betting odds

betting odds in English 



When you first come across betting odds bookmakers the media would have you believe it's a level playing field where you can profit by picking a winner. 


betting odds
betting odds


Think about that logically for a second. It doesn't make much sense, does it? If it were true, it would mean the bookies possess a divine power where they can predict the future. 



It also means that nobody else could do it. Otherwise, they'd soon be out of business, which might leave you wondering why they spend so much money promoting tipss bookies don't predict the winner to make their money and understanding how betting odds work, we'll show you why.



 So wherever you are in the world, but in US work the same way, the format may change, but the underlying structure remains the same. It's just an expression of pricing. 



Simply put, betting odds work by reflecting the implied chance of an outcome in monetary terms inclusive of the operators margin. It doesn't matter which sport you're betting on, or where you do it from. 



In fact, it has nothing to do with the football teams, greyhounds, tennis players or horses. But the previous bit in our explanation isn't all that clear.



 So as the saying goes, tell me and I forget, teach me and I may remember, involve me in either. So here's an example to involve you with how betting odds work. 



Assuming we're looking at the betting odds on a football match, the chance of the match happening is 100%. Otherwise, the bits will not take place. Individuals are linked to each outcomes from a billy just like the value of ingredients are linked to the price of a cake.



 Sounds fair enough, right? But makers make money by putting these odds together and adding on a hefty margin for themselves. They again like a baker word when selling the cake.



 So if we look at our football match example, you have three possible outcomes. Team A wins, Team B wins in the draw, let's say Team A of favorites with a 50% chance of winning team B the underdogs with a 30% chance and the juror is most unlikely with 20%. Together they all total 100%. In betting terms, this 100% figure is called the overhand. 



If one outcomes odds increase and others must decrease. Simple if we convert these probabilities into the three different odds formats, decimal fraction and moneyline. You get something like this. 



However, these prices are the true value of something happening. If bets struck a true odds over the long term neither bookmaker nor panna would make a profit.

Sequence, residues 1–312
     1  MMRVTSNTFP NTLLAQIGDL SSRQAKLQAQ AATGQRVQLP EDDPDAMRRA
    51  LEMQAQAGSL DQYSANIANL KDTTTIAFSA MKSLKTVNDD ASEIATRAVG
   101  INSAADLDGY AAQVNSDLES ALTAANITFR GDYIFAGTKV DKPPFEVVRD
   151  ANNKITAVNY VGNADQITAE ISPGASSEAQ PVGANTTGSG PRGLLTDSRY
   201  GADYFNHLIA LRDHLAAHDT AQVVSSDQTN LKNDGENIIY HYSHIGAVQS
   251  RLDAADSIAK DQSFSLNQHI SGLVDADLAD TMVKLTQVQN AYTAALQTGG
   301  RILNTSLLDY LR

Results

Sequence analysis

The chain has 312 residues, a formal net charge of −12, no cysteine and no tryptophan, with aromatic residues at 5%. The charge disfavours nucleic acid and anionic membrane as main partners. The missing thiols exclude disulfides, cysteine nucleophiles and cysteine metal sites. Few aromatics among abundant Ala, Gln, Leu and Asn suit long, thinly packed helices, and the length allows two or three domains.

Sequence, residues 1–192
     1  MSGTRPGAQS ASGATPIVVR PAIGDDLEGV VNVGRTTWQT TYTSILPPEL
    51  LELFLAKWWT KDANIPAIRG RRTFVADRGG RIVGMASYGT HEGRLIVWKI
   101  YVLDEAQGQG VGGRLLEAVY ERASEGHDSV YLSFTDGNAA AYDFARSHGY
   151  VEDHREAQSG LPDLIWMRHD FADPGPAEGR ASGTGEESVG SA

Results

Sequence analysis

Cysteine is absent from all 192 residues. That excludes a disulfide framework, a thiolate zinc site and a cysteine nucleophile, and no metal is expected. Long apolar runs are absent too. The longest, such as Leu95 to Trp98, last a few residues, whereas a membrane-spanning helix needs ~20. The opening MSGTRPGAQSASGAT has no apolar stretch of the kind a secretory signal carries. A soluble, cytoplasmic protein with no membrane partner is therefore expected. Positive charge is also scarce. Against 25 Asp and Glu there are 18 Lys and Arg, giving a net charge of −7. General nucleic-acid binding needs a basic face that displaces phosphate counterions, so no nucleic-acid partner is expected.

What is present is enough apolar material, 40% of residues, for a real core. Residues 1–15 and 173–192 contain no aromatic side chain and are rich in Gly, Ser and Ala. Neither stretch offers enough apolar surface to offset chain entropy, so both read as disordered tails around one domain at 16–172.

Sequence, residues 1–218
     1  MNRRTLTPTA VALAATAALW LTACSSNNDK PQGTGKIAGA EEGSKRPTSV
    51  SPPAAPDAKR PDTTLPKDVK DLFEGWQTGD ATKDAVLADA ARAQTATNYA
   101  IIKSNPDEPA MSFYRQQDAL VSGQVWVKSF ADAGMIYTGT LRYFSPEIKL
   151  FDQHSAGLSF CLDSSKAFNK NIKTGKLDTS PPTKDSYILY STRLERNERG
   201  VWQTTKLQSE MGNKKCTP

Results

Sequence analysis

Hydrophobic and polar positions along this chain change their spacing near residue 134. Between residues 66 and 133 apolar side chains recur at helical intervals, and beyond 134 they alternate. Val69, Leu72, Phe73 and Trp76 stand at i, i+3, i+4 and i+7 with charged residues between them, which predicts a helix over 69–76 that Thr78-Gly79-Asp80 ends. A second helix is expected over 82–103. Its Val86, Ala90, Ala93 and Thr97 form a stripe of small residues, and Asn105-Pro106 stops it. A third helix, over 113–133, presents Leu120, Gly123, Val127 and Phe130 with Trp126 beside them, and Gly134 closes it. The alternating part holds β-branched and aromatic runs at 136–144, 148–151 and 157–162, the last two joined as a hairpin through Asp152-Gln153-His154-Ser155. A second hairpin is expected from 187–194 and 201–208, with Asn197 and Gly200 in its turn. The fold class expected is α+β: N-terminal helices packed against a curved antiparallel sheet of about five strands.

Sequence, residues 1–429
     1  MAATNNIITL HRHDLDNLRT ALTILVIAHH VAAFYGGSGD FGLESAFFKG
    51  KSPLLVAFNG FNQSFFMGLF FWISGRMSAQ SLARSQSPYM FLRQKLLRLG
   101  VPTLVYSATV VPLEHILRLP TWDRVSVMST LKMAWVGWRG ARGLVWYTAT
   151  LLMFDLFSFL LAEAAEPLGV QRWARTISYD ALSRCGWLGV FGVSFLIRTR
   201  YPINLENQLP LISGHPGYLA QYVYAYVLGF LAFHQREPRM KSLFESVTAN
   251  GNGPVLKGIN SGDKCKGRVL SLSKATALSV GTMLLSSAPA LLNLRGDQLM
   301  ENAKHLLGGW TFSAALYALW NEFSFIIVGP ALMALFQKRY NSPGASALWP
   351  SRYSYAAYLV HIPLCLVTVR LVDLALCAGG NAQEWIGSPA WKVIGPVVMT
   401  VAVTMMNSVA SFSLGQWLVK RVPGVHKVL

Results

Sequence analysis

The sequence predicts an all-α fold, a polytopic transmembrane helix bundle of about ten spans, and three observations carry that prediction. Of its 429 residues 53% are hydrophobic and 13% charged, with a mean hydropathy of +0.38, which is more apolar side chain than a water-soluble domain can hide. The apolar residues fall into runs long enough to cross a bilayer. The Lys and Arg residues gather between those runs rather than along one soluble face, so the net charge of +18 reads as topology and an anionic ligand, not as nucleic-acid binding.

But there's more about that in the bid and strategy video that will follow this one in the end screen. bookies ensure they win by subtracting a chunk of value from each outcomes price. 



It changes the overall overarching figure like this. This is why you'll typically see I've round figures 108% 225% with a bookmaker. Occasionally they're as high as 140% on events like the Grand National, this is because bookmakers know the entire nation is going to have a bet anyway, so they just jack up their margin. 



But there's a better option on offer. On the bet an exchange like Betfair of betdaq betting odds work differently. And exchange platform is a place where users like you and I are free to match bets against each other at a price we agree on. 


The winner is then charged a small commission when the event is settled. At the time of publish both the exchanges mentioned in this video offer a flat rate of 2%. So if we're going back to our example, you can see a quick comparison between the different platforms is quite shocking really, isn't it but wait because the most important bit is yet to come. 


If you cash out on an existing bet you only pay commission on the winning figure that's cashed out supposed to get in bad value on the opening bid and again on the cash out there.


 As a brief example, if you place a back bet on Chelsea that had a true price of 4.5 You'd more than likely get a price of 4.0 with a bookmaker, free to one infraction awards.



 100 pound of 4.0 means a 400 pound total return. By placing the same back bit with a bit in exchange, you'd likely get the 4.5 price and then pay 2% on your winnings. 100 pound or 4.5 is 450 pound return minus the 2% which is seven pounds total return being 443 pounds.


 Now the important bit if you cashed out with a bookmaker, you'd see their margin applied again, assuming the true price has moved to 3.5. The cash out would be worth 14 pound 29 profit. 



But a bookie would apply their margin again offering you the 3.75 price to cash out against this makes their cash out offer just six pounds 67 out, double shafted. 



However,

if we were on an exchange that allowed you to cash out your full bid from 4.5 price of 3.5. Only then would they apply the tips in commission, cashing out between 4.5 and 3.5 is worth 28 pound 57. So you pay 2% commission on that a total of 58 pence.



 The end result for these identical bets on alternative platforms that are this 667 With a bookmaker or 2799 with the exchange. This is exactly why you should always use a betting exchange instead of a bookmaker. So now you understand how betting odds work.


 It's time to take a little look at betting,strategy taking it one step further. 


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Watch this video click here....


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